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Saudi Grand Mufti Abdul Aziz Al Sheikh / Wikipedia commons

The Saudi Grand Mufti Abdul Aziz Al Sheikh has fanned the flames of a 1300-year dispute between Shiites and Sunnis when he announced on Tuesday that the Iranians are the descendants of the Zoroastrians and of fire worshippers. He spoke ahead of the annual hajj, which this year starts on Saturday.

The Grand Mufti used the term “Majuws” to describe the Iranians, a term that literally means “magians,” which he cited from the Quran, Chapter 22, sūrat l-ḥajj (The Pilgrimage): “Indeed, those who have believed and those who were Jews and the Sabeans and the Christians and the Magians and those who associated with Allah – Allah will judge between them on the Day of Resurrection. Indeed Allah is, over all things, Witness.”

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“We must understand they are not Muslims, for they are the descendants of Majuws, and their enmity toward Muslims, especially the Sunnis, is very old,” the Saudi Grand Mufti said, and every learned Muslim understood the reference to the pilgrimage, which has been an area of contention between Shiites and Sunnis, and now between Iranians and Saudis, for almost as long as there has been an Islam.

The Grand Mufti responded an Irate speech by Iran’s supreme leader Ayatollah Ali Khamenei, who called on all Muslims to “fundamentally reconsider the management of the two holy places and the issue of hajj.” In other words, an open call to millions of pilgrims arriving in Mecca for the mid-month festival, to rebel against the Saudi royal family that owns and manages the cities of Mecca and Madīnah.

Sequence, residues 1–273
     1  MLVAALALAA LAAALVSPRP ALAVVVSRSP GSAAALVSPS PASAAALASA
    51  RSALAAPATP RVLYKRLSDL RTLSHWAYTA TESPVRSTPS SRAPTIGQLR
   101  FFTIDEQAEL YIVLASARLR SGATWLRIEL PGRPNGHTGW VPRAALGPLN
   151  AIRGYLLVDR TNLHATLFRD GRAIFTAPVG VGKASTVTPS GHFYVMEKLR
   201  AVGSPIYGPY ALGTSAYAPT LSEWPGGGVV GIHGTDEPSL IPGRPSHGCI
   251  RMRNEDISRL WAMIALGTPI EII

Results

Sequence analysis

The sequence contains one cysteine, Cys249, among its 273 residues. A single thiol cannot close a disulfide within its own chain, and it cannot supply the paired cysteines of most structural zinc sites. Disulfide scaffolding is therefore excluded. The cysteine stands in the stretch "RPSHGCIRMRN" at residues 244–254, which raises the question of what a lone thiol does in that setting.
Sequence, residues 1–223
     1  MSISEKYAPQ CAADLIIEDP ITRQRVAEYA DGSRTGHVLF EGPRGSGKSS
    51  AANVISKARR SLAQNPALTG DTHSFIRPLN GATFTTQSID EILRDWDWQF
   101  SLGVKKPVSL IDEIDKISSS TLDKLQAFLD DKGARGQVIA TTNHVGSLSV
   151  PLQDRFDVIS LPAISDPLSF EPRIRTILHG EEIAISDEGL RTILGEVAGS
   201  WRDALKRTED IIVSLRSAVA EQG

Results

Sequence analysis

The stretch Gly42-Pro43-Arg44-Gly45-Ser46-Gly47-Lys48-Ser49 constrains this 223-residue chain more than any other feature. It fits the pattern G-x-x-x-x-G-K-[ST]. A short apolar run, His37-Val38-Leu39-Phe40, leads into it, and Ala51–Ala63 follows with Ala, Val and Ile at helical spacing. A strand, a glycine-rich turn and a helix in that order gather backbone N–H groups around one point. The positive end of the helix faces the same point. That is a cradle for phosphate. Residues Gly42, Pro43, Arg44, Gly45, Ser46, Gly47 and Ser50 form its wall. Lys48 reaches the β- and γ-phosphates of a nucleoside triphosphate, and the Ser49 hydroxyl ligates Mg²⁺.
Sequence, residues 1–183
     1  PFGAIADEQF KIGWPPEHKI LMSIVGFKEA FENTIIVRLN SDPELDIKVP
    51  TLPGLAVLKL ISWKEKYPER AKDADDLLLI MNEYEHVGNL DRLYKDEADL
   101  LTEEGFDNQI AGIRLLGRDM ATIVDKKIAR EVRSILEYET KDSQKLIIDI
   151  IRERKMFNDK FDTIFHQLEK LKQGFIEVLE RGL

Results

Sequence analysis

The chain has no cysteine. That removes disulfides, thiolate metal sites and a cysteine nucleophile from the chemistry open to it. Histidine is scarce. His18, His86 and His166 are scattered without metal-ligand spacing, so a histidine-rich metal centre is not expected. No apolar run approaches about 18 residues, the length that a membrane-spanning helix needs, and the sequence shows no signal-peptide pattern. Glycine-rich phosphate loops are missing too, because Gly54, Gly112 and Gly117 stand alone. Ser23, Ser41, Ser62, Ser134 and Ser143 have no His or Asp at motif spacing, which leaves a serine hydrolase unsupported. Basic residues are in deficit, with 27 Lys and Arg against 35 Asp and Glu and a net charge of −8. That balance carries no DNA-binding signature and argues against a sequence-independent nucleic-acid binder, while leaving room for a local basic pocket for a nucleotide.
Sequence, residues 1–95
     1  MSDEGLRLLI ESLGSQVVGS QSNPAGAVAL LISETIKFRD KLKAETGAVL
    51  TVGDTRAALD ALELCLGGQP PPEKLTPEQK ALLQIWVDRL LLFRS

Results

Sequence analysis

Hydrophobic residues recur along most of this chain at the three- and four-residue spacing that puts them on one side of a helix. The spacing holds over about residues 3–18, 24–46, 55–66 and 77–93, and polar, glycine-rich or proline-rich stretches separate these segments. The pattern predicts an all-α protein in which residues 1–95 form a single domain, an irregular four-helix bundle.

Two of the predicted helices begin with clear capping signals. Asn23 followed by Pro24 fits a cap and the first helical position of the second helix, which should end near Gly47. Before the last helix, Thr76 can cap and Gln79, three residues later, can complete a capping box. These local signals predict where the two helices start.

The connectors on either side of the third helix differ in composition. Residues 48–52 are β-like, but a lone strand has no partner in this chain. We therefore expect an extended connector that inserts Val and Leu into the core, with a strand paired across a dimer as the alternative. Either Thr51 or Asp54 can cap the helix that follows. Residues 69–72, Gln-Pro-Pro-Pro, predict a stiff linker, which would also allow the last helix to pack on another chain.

The Ayatollah attacked the Saudi regime for its failure to prevent last year’s stampede which killed more than 2,400 people, including 464 Iranians, the highest count for any single national group. The Saudis have stated that those figures are inflated and that the real death toll was “only” 769.

The Ayatollah called the Saudi royal family “disgraced and misguided people who think their survival on the throne of oppression is dependent on defending the arrogant powers of the world, on alliances with Zionism and the US, and on fulfilling their demands. And on this path, they do not shy away from any treason.”

He also said that “those who have reduced hajj to a religious-tourist trip and have hidden their enmity and malevolence towards the faithful and revolutionary people of Iran under the name of ‘politicizing hajj,’ are themselves puny Satans who tremble for fear of jeopardizing the interests of the Great Satan, the US.”

So, just for the record, Iran believes there are three Satans: the Great Satan (US), Little Satan (Israel), and Puny Satan (Saudi Arabia).

So far, the Grand Mufti’s enraged response to the Iranian leader has not gone down well even in largely Sunni countries. The Nation, a leading Pakistani newspaper, said in an editorial Wednesday that “for the Grand Mufti Abdulaziz al-Sheikh, to say that Iranians are not Muslims and use offensive words against them, is truly shocking and will haunt many Muslims, especially Shia communities living across the region, for years to come. Saudi Arabia as the custodian of the Ka’aba cannot and must not make such offensive remarks.”

According to AFP, reporting from Riyadh, Iranians will not participate in this year’s pilgrimage to Mecca for the first time in almost 30 years, after talks between Iran and Saudi Arabia on logistics and security had fallen apart. The Saudis claim the Iranians insisted on their right to stage protest demonstrations in the holy city of Mecca. Saudi crown prince Mohammed bin Nayef accused Iran of making “efforts to politicize the hajj and convert it into an occasion to violate the teachings of Islam, through shouting slogans and disturbing the security of pilgrims.”

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